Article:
Health Benefits from Coral Calcium

Stephen Holt, MD, LLD(Hon.) ChB., PhD, ND, FRCP (C)

Defining Coral Calcium
Coral calcium from Okinawa, Japan is a valuable, holistic, mineral, dietary supplement, with emerging promise for wellness promotion. While coral calcium is principally composed of calcium carbonate (24%-30% calcium, Ca, in below sea-collected corals and 33%-40% in land collected coral sand), it contains varying proportions of magnesium, Mg. There are two principal types of coral calcium. One collected below sea level and the other collected from land deposits of coral sand. Magnesium can be blended with coral calcium, if one desires a 2:1 ratio of Ca:Mg in coral calcium supplements. In addition, coral calcium contains up to 70 or so different trace elements in small amounts (parts per million). Thus, coral calcium is not just calcium; it is a holistic mineral supplement.

The proposed health benefits of coral calcium have emerged from folklore, rhetoric, speculation and contemporary science. There has been much debate about the role of minerals in the health of Okinawans, but the evidence for this is mainly as a consequence of associations or correlations (Holt, 2002 and 2003). The documented longevity of Okinawans and their mineral-rich environment has proven very seductive to anti-aging researchers who have started to examine the effects of coral calcium on longevity in animals.

Emerging Science on Coral Calcium
In one experiment performed by Prof. N. Tominaga of the Dept. of Medical Zoology of Saitama Medical School, experimental animals were divided into two groups receiving a similar diet. In one group the animals received normal “tap water,” whereas the other group received alkaline-ionized water, prepared by treating tap water with coral calcium. It was noted that the group of animals that received coral water had on average a longer life span. Whilst this is not proof of a longevity effect of coral calcium in humans, it is very promising data.

Scientific studies performed at the Futaba Nutrition School of the Kagawa Nutrition University in Japan show the benefit of coral calcium in improvements in bone mineral density when given in a balanced composition of 600 mg of calcium with 300 mg of magnesium (2:1 Ca:Mg ratio). Several groups of subjects received a combination of exercise with or without calcium supplements from coral calcium and milk. The greatest increases in bone density were noted in subjects given a regimen of milk and coral calcium supplement combined, followed by strength training and walking. Coral calcium has now formed part of a comprehensive strategy for the nutritional management of osteoporosis in The Antiporosis Plan.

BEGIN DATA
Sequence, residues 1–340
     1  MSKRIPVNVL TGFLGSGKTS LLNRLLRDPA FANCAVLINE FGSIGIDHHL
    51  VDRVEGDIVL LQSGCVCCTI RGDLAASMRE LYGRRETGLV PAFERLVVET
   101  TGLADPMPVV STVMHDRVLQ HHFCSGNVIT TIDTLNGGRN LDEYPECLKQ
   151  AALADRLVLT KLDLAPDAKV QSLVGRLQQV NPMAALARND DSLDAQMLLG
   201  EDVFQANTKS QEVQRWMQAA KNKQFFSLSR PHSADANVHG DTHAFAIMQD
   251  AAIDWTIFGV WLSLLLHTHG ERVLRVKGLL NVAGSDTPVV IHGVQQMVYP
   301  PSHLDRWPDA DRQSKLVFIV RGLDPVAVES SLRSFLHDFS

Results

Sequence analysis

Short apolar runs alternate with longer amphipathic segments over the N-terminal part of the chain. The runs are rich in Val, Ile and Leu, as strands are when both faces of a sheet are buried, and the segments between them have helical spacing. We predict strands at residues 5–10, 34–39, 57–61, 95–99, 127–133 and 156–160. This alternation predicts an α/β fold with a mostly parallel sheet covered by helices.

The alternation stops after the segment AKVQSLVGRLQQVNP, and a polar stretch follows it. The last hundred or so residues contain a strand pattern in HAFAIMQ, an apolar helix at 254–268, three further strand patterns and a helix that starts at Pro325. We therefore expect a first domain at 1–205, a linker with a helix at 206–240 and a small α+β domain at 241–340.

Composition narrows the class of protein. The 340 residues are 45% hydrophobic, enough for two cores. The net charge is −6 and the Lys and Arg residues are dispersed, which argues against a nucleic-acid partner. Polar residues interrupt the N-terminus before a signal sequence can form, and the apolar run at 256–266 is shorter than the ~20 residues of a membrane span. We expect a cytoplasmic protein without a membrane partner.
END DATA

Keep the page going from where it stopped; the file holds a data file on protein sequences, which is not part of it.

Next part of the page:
Dr. K. Ishitani, M.D. of Higashi Sapporo Hospital recently presented clinical tests of coral calcium when taken by individuals suffering from a variety of common diseases. Dr. Ishitani and his colleagues administered 2.8 g of balanced calcium (2:1 Ca:Mg ratio) to more than 20 patients over a period of three months. The doctors observed changes in bone density, blood lipids and blood pressure. Alterations were also observed in symptoms such as headaches, heart palpitations, peripheral edema (limb swelling), and the emotional state, as well as in degrees of anger, anxiety, and muscle spasm. Blood pressure was reduced from an average of 140 mm Hg to 132 mm Hg; total cholesterol fell by about 7%. Dr. Ishitani described the administration of coral calcium on the subjects as very favorable. These preliminary clinical data are fascinating and may be explained in part by the benefits of multi-mineral supplementation.

Coral calcium has been reported in an anecdotal manner to improve sleep and induce relaxation. Coral calcium was administered in a dose of approximately 1.5 g to 12 students by Dr. S. Sugimoto of the Aichi Syukutoku University in relation to the function of the central nervous system as measured by electroencephalogram (EEG). The test showed a measurable increase in total alpha-1 wave activity on the EEG on students who drank coral-treated water, versus subjects who took regular tap water. The alpha-2 wave activity in the brain also increased with the administration of coral water. These results imply that coral calcium may have a stabilizing effect on the CNS with a tendency to “brain relaxation.”

In recent experiments (2002), Dr. K. Ishitani has studied a small group of diabetes mellitus patients who received 2.8 g of coral calcium with lower magnesium content (15:1 Ca:Mg ratio). Over a three-month period, Dr. Ishitani produced results showing improvements in blood sugar control in half the diabetes patients; the small numbers of subjects studied do not permit statistical evaluations. There are many reasons why coral calcium could improve blood sugar control among diabetics. Calcium alone promotes insulin production and magnesium activates insulin receptors. Much more research is required to further define the role of mineral replacement in diabetic control.

Some novel research observations involve the incorporation of coral calcium into chewing gum. Dr. M. Mori, M.D. of the Institute of Clinical and Pharmacokinetic Study in Japan studied nine patients with heartburn and eight with non-specific abdominal complaints. In these studies, all nine patients with heartburn had complete symptomatic improvements, and 25% of those with non-specific digestive complaints completely improved. The remaining subjects showed lesser degrees of improvement. Coral calcium appears to exert an acid-neutralizing capability in these experiments.

Coral calcium is a valuable category of dietary supplements with several potential health benefits. This dietary supplement has been hurt by “TV hype” and the nation has been confused by pseudo-scientific promotions. Coral calcium is here to stay as a premium nutraceutical with a holistic mineral profile.

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